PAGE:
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Teaching the next generation wellbeing

30 September 2022

Te Whare Wānanga o Waitaha | University of Canterbury (UC) students put their theory into practice when passing on valuable wellbeing knowledge to over 100 Ilam School students this week.


The contagious energy of University of Canterbury students made learning about wellbeing fun and easy for Ilam School students (left to right: Josepf Taylor, Cinnamon-Rose Meyer, Michelle Andrews, Brianna Labudde, Abby Kettles, Shontae Bingle and Behzad Dowran).

After learning about the Five ways to Wellbeing in their Building Resilience class last term, UC Te Kaupeka Oranga | Faculty of Health students had the opportunity to give back to the community and teach the younger generation about wellbeing. After many hours of planning, the students put together an interactive two-hour session full of age-appropriate activities around wellbeing.

When talking about personal learnings from organising a programme like this, UC student Siobhan Regan says she learned about the fundamentals of managing a large group of people.

Child at play

“Not everything is going to go right all the time, so [it’s about] not getting caught up in the moment and being able to stop and breathe. It helped me for my future goal of running my own business and knowing I can run an event like this gives me confidence in myself.” 

Recent data shows that over a quarter of children in Aotearoa New Zealand will experience some level of physical or psychological bullying during school years. According to the Ministry of Education | Te Tāhuhu o te Mātauranga, prioritising student wellbeing by building a safe, caring and inclusive environment, is central to preventing and responding to bullying. 

Ilam School students were divided into groups to learn about each wellbeing pillar: Take notice, keep learning, be active, give and connect.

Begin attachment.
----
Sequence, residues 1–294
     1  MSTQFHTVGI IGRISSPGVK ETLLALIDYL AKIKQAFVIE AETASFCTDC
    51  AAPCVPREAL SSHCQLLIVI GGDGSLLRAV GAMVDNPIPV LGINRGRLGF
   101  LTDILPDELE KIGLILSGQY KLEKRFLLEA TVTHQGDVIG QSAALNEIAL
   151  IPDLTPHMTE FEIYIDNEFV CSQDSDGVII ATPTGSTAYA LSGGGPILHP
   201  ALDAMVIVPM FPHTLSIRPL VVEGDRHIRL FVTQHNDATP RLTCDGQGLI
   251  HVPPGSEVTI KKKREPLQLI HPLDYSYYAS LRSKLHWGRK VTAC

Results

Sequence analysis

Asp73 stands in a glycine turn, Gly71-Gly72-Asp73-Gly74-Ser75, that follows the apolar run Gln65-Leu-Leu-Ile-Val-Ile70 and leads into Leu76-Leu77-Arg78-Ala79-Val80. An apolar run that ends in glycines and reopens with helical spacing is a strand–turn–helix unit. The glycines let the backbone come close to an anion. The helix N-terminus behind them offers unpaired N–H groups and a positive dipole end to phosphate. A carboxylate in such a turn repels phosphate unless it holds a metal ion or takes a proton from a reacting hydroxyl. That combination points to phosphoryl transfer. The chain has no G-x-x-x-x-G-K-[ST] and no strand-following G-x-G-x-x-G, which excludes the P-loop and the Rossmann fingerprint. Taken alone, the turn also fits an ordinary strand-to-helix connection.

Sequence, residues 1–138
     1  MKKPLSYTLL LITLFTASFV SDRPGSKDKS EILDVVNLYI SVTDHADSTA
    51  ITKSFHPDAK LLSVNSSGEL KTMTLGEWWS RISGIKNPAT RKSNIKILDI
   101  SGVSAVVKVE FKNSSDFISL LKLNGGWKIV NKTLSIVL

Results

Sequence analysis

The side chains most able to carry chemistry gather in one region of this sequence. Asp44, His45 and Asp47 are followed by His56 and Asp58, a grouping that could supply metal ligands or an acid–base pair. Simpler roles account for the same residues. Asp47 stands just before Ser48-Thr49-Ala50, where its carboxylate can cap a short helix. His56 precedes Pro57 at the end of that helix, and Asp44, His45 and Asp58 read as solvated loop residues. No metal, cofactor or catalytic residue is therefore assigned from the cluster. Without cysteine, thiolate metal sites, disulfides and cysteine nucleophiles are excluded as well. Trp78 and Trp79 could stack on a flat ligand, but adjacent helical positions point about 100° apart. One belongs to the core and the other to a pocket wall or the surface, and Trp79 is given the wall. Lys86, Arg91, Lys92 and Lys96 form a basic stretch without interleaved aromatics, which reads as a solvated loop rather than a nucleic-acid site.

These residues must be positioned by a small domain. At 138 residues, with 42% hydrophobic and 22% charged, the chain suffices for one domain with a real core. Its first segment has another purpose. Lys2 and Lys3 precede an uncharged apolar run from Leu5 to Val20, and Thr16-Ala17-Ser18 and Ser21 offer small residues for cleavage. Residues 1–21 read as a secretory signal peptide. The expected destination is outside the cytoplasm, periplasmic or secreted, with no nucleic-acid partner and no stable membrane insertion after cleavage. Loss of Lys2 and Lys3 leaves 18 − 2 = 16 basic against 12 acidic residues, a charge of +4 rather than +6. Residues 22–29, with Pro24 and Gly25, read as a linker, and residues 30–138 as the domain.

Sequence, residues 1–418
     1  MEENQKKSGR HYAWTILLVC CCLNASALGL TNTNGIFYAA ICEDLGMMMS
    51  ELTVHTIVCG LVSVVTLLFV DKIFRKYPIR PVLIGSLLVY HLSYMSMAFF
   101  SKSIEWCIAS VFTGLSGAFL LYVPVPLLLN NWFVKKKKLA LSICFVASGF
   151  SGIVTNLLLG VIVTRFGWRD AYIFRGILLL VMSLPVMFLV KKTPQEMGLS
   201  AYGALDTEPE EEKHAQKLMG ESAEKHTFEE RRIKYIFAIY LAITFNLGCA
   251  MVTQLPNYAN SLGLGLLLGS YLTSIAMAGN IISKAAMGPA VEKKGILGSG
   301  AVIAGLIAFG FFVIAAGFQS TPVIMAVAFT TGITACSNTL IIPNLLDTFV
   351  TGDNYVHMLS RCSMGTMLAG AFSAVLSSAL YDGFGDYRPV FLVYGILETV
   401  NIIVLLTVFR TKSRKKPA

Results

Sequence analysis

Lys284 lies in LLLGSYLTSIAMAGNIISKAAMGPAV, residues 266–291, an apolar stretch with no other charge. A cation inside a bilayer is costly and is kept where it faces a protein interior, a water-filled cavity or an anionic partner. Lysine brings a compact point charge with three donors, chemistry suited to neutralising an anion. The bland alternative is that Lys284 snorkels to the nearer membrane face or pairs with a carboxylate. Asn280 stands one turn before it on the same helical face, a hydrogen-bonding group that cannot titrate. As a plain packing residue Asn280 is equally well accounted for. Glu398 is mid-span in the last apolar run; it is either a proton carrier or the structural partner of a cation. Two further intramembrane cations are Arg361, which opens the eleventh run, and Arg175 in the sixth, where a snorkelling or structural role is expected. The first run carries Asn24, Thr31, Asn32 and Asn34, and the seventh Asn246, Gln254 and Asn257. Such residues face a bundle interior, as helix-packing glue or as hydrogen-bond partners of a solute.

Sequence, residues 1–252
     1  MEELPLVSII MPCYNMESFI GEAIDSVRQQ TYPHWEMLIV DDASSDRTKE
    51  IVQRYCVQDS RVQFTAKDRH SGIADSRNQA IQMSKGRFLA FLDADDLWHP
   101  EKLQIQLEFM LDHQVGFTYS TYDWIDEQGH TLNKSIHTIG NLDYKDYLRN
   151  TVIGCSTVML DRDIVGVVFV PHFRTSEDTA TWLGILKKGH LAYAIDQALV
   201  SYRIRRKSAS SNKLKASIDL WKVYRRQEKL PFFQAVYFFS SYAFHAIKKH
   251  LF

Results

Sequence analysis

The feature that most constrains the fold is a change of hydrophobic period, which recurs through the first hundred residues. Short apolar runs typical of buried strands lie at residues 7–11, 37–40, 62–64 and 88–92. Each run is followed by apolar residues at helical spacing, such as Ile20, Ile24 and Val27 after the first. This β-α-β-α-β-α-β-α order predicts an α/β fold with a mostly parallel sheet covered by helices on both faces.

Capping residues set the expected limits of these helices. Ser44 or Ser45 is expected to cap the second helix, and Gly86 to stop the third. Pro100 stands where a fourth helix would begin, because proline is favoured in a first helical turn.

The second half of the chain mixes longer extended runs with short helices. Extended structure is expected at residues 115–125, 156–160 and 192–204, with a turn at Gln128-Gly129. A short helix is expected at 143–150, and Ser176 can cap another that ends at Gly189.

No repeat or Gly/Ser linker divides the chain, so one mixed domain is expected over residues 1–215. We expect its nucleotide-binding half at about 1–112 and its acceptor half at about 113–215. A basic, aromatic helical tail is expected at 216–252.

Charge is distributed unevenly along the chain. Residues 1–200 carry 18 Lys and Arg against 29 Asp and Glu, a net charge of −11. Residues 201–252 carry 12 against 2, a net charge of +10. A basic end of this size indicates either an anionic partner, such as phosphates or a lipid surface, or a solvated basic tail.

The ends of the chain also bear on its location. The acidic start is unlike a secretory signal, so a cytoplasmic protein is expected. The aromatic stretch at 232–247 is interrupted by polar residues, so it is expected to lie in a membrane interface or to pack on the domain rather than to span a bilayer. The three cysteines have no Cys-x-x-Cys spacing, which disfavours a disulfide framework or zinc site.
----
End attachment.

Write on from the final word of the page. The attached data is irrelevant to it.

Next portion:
The morning was filled with lots of movement and drawing activities, and a tonne of fun and laughter.

Through these activities, children learned why connections with others help us feel like we belong and feel supported, that exercise makes us feel good, that giving and receiving compliments creates a positive environment, how to express their emotions through their actions and creativity, and that taking notice of people and the environment around us is important.

“It’s amazing to see the students out there interacting and putting theory into practice. A lot of work went into this,” says UC Senior Lecturer Dr Wendy Maddocks, coordinator of the Building Resilience class. “It just fit so well with Mental Health Awareness Week, too.”

While teaching helpful wellbeing skills to the children, the UC students also developed important skills they will need as future health educators or health promoters.

“The day went really well. It was fun, we had some beautiful hot weather, the Building Resilience class did an awesome job and really embraced working with the students at Ilam School.” Regan says.

The Building Resilience course develops students’ understanding of models of best practice in mental health education and promotion that are designed to enhance their own and others’ mental health.

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